Carbon dioxide emissions increased by almost 5% last year, meaning that the world now has a two-in-three chance of reaching 1.5 degrees Celsius of global warming over pre-industrial levels within the decade, according to a new study published in the online journal Nature Reviews Earth & Environment.
Due to the COVID-19 pandemic, carbon emissions dipped 11% in 2020, potentially buying the world time to transition to clean sources of energy. But in 2021, as economic activity rebounded, the emissions that cause climate change increased 4.8% from 2020.
“These 2021 emissions consumed 8.7% of the remaining carbon budget for limiting anthropogenic warming to 1.5 °C, which if current trajectories continue, might be used up in 9.5 years at 67% likelihood,” the report stated.
The carbon budget means the amount of carbon dioxide that can be emitted before reaching 1.5 degrees Celsius (2.7 degrees Fahrenheit) of warming over pre-industrial temperatures. The goal of limiting warming to 1.5 degrees Celsius has been set by the Intergovernmental Panel on Climate Change (IPCC), which has analyzed thousands of studies and found that warming beyond that threshold could set devastating events in motion, such as massive glacier melting that would flood cities and trigger even more warming since ice reflects solar radiation that would instead be absorbed by land and water.
To avoid that outcome, the IPCC has estimated that global greenhouse gas emissions must be cut by 45% by 2030 and reach net-zero by 2050. If current trends continue, the Nature study authors calculate that 1.5 degrees Celsius of warming will likely be reached in or before 2031.
Virtually every country in the world has signed on to global agreements, including the Paris climate agreement of 2015 and the Glasgow Climate Pact of 2021, pledging to make their best efforts to stay below 1.5 degrees Celsius of warming. Even the global scientific community’s fallback goal of 2 degrees Celsius (3.6 degrees Fahrenheit) of warming will probably be reached in 30 years, according to the Nature analysis.
The world’s biggest economies, which are the biggest contributors to climate change, drove the increase in emissions last year. Emissions increased by roughly 6% to 7% each in the United States, the European Union and the United Kingdom. Large middle-income countries, including China and Russia, also saw emissions jump, as did India, the largest developing country.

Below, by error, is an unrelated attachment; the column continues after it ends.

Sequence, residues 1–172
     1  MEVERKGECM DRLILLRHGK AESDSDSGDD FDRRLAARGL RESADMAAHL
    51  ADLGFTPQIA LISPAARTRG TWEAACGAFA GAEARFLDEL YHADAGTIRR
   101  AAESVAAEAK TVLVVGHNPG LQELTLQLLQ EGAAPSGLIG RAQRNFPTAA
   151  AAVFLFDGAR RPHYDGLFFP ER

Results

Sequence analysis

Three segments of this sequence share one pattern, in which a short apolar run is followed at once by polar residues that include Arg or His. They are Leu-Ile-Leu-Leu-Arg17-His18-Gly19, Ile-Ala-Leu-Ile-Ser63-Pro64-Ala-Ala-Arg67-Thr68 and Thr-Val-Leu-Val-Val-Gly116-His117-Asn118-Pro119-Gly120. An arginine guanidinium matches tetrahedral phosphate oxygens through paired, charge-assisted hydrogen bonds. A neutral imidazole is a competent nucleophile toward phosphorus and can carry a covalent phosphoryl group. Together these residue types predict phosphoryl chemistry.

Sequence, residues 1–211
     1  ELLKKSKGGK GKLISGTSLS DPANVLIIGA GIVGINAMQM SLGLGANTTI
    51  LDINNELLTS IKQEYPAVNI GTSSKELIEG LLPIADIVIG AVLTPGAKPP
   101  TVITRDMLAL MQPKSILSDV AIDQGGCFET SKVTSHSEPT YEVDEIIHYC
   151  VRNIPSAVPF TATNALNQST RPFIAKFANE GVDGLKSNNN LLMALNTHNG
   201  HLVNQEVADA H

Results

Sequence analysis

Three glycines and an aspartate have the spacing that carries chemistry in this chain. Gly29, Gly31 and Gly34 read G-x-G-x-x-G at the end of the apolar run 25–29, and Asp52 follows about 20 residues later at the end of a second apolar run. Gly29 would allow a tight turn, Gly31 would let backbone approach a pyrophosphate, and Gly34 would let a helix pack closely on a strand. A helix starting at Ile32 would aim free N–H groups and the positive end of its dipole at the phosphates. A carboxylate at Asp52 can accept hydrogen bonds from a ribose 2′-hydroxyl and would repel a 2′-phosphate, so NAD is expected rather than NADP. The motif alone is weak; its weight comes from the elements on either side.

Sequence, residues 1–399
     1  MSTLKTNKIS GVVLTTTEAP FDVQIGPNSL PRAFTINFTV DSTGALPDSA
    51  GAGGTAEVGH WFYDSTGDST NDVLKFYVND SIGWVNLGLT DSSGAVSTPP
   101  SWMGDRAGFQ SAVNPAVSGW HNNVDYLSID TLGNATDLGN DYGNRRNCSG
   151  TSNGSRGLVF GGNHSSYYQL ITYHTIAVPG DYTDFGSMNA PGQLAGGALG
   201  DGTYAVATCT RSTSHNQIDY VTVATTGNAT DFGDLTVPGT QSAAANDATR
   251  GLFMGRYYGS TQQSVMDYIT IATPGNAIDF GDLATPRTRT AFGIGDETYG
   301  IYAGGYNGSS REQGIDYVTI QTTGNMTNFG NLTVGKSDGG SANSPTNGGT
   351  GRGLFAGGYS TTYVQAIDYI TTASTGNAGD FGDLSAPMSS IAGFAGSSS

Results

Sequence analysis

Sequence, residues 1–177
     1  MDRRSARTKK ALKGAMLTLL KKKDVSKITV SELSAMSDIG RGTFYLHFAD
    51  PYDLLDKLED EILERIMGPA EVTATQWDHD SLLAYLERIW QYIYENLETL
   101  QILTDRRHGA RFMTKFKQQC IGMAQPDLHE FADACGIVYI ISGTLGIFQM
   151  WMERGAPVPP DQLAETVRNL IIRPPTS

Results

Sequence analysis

Among the worrisome trends for climate change, coal use surged in 2021, accounting for 40% of the increase in emissions, according to a recent report by the International Energy Agency (IEA). Transportation was the only economic sector for which emissions remained well below 2019 levels, but that was due to an overall decrease in driving due to the coronavirus pandemic rather than improved fuel efficiency. “The emissions reduction impact of record electric car sales in 2021 was canceled out by the parallel increase in sales of SUVs,” the IEA noted.
With its population of more than 1.4 billion and its rapid economic growth, China is particularly responsible for growing emissions. According to the IEA, “electricity demand in China jumped by 10% in 2021, adding the equivalent of the total demand of all of Africa.”
The news that catastrophic climate change is coming in less than 10 years unless governments enact a new set of policies may be greeted with skepticism by some American conservatives. In 2019, Rep. Alexandria Ocasio-Cortez, D-N.Y., said “The world is going to end in 12 years if we don’t address climate change.”
Republicans such as Sen. Rand Paul, R-Ky., responded with ridicule.
“No @AOC the world will not end in 12 years but we must, absolutely must do something, over the next 500 million years,” Paul chided in a tweet, referencing the estimated time when astronomers say the sun will burn about 10% brighter, causing temperatures to rise on Earth.